Attaching and removing lenses requires you to first press the lens release button located on the side of the mirror box near the 10 o’clock position around the lens. A quick counterclockwise twist removes the lens and installation is exactly the opposite.
Below the lens release button near the 8 o’clock position around the lens is the depth of field preview button. This stops down the diaphragm to the chosen f/stop. This button will only work with the camera in either manual or Av (aperture priority) modes.
Finally, near the bottom of the hand grip is a small LED that will flash when the self-timer is activated.
Depending on which lens you have attached to the Contax RX, the layout and design of the controls will be a little different, but they should all have an aperture scale from biggest to smallest left to right and a focus ring closer to the front edge of the camera. On this 50mm f/2 Yashica Lens, the aperture scale has prominent click stops and the focus ring moves fluidly, with little resistance.
Continuing with the modern features, modern ergonomics, and modern film compartment, the Contax RX viewfinder is very modern, with a DSLR-like interface. The focusing screen is extremely bright, allowing for easy focus even indoors. With the f/2 Yashica lens mounted, I don’t know that a faster f/1.4 lens would make any noticeable difference in brightness.
Despite all of the advanced features of the Contax RX, this is still a manual focus camera, so the presence of a split image and microprism focus aides is welcome, but almost seems out of place as I’m not used to seeing them on such an advanced camera. Nevertheless, they are there, and they work exactly as you’d expect them to. In a weird sort of way, the combination of such a bright viewfinder and easy to use focus aides almost negates the benefit of the RX’s focus assist features. While they certainly are neat, I can’t think of many circumstances where I’d need the electronics to tell me something is in focus, when I could just see it for myself.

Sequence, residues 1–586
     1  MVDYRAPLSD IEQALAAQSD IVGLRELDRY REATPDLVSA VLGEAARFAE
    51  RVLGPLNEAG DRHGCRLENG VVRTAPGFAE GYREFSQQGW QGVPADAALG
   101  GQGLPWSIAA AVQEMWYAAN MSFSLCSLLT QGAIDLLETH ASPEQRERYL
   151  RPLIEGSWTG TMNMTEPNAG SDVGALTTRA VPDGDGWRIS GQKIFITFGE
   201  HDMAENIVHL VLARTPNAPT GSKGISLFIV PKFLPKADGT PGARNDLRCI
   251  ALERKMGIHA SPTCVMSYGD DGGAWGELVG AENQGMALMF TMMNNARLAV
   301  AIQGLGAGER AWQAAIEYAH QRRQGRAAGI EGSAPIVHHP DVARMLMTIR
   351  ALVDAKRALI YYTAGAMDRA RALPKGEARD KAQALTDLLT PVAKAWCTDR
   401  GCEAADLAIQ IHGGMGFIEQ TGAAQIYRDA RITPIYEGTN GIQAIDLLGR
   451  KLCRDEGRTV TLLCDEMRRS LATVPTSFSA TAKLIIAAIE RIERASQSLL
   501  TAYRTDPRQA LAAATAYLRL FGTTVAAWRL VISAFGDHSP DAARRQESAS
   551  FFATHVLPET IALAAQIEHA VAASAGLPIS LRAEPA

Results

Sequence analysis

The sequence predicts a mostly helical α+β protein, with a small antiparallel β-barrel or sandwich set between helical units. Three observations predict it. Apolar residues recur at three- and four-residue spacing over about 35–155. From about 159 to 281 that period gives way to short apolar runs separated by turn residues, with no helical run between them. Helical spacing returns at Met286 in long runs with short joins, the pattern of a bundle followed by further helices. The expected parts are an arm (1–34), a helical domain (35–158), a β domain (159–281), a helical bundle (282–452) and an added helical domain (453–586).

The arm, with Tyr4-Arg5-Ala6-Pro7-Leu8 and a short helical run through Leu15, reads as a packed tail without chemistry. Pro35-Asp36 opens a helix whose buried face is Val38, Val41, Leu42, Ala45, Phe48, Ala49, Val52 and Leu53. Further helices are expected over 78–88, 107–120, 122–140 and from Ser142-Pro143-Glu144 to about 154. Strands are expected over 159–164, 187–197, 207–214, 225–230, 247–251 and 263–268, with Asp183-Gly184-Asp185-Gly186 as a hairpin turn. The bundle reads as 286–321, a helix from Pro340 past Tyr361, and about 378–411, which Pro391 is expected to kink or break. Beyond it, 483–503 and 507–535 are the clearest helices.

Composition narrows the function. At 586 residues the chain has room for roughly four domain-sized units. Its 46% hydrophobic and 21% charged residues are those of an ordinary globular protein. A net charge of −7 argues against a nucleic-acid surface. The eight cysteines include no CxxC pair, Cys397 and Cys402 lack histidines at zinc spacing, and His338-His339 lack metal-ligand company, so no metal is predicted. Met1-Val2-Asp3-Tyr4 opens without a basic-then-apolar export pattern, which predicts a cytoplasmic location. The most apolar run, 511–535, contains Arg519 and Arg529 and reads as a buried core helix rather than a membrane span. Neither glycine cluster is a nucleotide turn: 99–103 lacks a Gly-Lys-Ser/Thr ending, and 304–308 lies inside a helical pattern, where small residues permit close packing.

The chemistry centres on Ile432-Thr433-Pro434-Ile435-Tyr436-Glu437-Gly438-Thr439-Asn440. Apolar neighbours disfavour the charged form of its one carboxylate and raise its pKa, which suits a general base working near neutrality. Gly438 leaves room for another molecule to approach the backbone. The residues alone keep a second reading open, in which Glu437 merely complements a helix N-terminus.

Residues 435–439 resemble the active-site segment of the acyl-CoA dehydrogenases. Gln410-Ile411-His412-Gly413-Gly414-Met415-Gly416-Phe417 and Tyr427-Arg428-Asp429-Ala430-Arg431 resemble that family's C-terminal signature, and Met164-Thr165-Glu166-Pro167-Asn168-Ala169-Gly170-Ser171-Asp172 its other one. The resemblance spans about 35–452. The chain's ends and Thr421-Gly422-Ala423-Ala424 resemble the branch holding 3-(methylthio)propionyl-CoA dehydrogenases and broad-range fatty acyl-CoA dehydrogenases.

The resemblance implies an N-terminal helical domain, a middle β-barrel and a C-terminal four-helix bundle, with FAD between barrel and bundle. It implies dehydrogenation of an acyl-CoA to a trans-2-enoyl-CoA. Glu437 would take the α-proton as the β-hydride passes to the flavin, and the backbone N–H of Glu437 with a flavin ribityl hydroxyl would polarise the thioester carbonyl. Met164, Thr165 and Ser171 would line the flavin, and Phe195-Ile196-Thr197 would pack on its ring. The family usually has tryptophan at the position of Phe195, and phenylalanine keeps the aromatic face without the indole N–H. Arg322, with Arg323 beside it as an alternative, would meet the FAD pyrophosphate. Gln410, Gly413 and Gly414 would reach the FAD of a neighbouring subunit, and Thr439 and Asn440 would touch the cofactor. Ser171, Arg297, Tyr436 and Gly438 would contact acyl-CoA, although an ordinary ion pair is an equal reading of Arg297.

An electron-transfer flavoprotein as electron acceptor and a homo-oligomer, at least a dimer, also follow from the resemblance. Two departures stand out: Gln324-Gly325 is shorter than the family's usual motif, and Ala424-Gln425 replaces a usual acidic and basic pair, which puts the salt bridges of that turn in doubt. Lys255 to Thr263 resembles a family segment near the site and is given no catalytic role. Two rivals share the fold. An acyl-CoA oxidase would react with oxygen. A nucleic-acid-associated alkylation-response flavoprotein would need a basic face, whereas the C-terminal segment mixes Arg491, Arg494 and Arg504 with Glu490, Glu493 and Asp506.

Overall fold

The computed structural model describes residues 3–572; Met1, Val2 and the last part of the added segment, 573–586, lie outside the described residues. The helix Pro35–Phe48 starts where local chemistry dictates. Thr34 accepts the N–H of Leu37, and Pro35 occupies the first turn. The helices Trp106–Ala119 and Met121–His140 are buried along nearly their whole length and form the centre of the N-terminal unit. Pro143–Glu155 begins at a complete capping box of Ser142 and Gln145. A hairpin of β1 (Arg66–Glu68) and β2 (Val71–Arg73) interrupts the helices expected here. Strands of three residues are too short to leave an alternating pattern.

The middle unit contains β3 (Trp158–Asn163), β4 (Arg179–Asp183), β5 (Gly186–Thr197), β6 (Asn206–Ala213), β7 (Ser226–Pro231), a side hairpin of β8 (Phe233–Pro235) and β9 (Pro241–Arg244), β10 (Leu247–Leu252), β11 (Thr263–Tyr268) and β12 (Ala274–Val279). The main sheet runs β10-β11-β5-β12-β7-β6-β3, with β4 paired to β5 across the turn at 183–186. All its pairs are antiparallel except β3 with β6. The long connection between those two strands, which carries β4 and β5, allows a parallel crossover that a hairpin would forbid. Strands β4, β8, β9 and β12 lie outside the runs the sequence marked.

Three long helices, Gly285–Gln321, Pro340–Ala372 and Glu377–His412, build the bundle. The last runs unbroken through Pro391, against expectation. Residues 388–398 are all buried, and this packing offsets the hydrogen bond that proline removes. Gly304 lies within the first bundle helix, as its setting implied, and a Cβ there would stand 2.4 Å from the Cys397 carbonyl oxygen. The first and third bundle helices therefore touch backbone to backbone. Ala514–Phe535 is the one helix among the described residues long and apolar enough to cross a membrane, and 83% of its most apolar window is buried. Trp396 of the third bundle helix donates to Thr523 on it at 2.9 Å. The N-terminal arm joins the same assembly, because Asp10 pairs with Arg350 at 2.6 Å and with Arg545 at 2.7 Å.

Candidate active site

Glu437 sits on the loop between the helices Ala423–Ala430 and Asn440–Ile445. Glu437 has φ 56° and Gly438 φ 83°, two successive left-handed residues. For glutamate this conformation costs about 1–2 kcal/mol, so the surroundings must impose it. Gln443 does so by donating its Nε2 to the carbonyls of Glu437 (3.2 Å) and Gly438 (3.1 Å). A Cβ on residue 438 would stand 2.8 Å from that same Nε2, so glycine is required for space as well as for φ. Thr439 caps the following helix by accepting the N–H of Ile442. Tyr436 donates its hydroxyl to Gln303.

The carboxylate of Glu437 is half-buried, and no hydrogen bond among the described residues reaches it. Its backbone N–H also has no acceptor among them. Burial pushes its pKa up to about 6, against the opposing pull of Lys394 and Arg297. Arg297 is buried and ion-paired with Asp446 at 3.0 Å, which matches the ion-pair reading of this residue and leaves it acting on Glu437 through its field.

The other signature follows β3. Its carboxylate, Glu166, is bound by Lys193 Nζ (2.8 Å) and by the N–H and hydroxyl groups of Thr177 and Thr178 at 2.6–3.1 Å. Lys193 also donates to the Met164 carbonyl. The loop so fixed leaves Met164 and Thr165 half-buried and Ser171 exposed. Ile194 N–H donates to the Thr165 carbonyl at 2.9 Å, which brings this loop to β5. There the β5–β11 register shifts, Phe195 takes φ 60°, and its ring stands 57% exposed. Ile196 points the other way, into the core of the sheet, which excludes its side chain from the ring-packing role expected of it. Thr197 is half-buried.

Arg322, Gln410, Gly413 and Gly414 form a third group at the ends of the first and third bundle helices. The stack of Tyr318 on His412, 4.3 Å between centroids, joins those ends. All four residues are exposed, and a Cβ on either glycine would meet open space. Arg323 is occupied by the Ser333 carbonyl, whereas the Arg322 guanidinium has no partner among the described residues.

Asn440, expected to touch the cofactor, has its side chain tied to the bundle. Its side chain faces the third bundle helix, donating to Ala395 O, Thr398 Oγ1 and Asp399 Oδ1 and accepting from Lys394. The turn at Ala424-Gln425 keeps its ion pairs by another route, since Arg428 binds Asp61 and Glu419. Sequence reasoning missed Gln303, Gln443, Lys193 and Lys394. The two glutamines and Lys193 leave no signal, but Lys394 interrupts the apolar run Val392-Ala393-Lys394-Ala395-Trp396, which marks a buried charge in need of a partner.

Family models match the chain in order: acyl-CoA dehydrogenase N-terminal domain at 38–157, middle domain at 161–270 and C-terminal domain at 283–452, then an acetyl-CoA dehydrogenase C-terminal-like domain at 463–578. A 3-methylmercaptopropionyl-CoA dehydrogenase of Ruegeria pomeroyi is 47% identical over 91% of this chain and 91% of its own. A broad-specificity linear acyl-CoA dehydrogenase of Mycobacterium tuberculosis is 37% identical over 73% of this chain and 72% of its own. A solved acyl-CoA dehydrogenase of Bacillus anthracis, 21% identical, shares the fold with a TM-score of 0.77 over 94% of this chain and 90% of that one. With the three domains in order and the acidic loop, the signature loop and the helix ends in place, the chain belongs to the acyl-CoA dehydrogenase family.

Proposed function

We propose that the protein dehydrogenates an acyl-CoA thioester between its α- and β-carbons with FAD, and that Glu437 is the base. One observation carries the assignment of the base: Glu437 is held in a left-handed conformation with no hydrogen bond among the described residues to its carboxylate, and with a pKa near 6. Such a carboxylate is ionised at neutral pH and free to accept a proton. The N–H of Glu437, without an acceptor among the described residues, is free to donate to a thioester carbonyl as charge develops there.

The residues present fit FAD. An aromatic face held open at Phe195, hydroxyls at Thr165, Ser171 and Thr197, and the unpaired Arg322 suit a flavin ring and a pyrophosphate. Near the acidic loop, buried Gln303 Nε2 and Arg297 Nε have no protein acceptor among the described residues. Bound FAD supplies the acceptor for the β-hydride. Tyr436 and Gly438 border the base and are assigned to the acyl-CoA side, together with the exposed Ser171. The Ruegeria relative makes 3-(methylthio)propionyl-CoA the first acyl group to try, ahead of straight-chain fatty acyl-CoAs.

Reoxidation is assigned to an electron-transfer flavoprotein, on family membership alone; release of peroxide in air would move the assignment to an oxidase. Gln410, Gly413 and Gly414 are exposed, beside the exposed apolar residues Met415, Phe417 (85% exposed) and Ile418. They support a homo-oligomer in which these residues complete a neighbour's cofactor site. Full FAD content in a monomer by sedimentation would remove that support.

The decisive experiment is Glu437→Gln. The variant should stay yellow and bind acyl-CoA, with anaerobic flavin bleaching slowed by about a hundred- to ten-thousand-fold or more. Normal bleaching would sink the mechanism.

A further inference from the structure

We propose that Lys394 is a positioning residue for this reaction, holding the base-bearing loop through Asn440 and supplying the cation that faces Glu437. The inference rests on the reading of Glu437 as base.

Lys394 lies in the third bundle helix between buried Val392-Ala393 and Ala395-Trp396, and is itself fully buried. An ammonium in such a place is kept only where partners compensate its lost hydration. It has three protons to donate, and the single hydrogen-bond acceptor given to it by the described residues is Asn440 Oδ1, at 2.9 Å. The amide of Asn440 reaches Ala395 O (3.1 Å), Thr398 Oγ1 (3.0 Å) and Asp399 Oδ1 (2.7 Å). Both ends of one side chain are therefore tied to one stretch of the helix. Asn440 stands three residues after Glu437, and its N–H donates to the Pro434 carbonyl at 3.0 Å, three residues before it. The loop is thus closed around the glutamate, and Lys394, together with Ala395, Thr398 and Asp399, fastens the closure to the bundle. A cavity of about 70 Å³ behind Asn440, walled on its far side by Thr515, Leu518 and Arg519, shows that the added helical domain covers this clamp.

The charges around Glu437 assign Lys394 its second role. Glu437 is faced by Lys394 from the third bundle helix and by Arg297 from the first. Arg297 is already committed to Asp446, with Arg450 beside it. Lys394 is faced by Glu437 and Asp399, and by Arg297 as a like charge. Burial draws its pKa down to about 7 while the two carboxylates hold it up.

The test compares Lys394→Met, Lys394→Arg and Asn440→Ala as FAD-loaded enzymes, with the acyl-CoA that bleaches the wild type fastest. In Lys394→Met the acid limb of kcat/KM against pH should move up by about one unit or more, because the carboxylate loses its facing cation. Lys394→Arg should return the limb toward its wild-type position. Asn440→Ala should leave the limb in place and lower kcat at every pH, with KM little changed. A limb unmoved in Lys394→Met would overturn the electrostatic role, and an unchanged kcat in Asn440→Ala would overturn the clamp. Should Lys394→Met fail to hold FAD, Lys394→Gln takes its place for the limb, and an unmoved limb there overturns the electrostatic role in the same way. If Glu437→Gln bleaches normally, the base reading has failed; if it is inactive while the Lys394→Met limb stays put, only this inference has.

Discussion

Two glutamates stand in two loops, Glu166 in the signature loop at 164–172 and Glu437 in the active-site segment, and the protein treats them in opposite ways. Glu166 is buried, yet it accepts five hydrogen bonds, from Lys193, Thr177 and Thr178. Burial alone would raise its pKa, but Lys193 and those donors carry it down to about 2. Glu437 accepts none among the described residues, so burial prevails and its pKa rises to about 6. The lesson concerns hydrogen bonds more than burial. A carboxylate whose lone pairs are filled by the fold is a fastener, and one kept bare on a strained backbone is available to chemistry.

The gallery above shows three composite images of the viewfinder showing the lens intentionally out of focus and in focus. In the first image, the focus is set too close, and the LCD at the bottom is telling me that I am way off, the middle image shows it accurately focused, and the third image, I am focusing too far away so the camera is telling me I’m way off, but in the other direction. Also note that in the first image, the lens is set to f/16, giving me maximum depth of field. The small triangles over the focus indicator show a wide depth of focus, but in the second and third image, I’m at f/8 showing slightly less depth.
The LCD itself has a green backlight making it very easy to see, even outdoors. In addition to the focus and depth of field scale, there are many things you’d expect to see from a film or digital SLR from this era. Shutter speeds and f/stops, exposure mode, number of exposures left, and flash status all visible depending on the selected mode for the camera.
If for whatever reason, the default split image and microprism focus aide viewing screen is not for you, Kyocera made four other viewing screens available for the Contax RX. Swapping screens is done through the lens mount using a special pair of tweezers which are included with each new screen. Simply pull the screen out, being careful not to touch it with your fingers and replace it with another.